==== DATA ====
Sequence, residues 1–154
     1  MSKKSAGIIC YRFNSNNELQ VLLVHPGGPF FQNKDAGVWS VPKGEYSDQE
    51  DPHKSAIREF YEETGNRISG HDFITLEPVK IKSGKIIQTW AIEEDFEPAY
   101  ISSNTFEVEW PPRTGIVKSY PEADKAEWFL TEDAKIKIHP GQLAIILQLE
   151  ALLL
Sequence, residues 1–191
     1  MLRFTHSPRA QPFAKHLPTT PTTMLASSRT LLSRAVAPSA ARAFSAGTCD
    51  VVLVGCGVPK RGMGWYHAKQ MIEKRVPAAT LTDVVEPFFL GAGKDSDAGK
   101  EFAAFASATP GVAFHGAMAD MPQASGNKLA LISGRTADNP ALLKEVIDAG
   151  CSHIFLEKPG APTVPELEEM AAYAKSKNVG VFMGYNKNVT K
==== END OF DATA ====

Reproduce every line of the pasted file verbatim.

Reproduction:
Sequence, residues 1–154
     1  MSKKSAGIIC YRFNSNNELQ VLLVHPGGPF FQNKDAGVWS VPKGEYSDQE
    51  DPHKSAIREF YEETGNRISG HDFITLEPVK IKSGKIIQTW AIEEDFEPAY
   101  ISSNTFEVEW PPRTGIVKSY PEADKAEWFL TEDAKIKIHP GQLAIILQLE
   151  ALLL
Sequence, residues 1–191
     1  MLRFTHSPRA QPFAKHLPTT PTTMLASSRT LLSRAVAPSA ARAFSAGTCD
    51  VVLVGCGVPK RGMGWYHAKQ MIEKRVPAAT LTDVVEPFFL GAGKDSDAGK
   101  EFAAFASATP GVAFHGAMAD MPQASGNKLA LISGRTADNP ALLKEVIDAG
   151  CSHIFLEKPG APTVPELEEM AAYAKSKNVG VFMGYNKNVT K